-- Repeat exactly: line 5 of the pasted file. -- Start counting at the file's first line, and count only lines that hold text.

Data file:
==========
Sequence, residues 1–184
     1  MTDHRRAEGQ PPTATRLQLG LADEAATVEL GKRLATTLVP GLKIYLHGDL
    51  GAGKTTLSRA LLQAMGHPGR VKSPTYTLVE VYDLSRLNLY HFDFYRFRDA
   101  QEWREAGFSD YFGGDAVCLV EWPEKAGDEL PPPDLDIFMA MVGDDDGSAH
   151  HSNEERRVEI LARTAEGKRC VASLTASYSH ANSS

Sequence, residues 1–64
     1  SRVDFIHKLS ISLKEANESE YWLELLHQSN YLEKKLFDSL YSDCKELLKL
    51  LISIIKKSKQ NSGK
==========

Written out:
   151  HSNEERRVEI LARTAEGKRC VASLTASYSH ANSS